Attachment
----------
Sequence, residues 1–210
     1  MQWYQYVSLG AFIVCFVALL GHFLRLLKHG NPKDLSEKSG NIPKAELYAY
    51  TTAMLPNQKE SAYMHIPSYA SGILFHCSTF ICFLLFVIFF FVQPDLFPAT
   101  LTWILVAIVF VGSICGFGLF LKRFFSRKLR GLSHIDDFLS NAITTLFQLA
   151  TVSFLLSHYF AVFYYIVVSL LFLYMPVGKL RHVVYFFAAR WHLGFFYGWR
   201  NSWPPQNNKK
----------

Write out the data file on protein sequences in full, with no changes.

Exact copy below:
Sequence, residues 1–210
     1  MQWYQYVSLG AFIVCFVALL GHFLRLLKHG NPKDLSEKSG NIPKAELYAY
    51  TTAMLPNQKE SAYMHIPSYA SGILFHCSTF ICFLLFVIFF FVQPDLFPAT
   101  LTWILVAIVF VGSICGFGLF LKRFFSRKLR GLSHIDDFLS NAITTLFQLA
   151  TVSFLLSHYF AVFYYIVVSL LFLYMPVGKL RHVVYFFAAR WHLGFFYGWR
   201  NSWPPQNNKK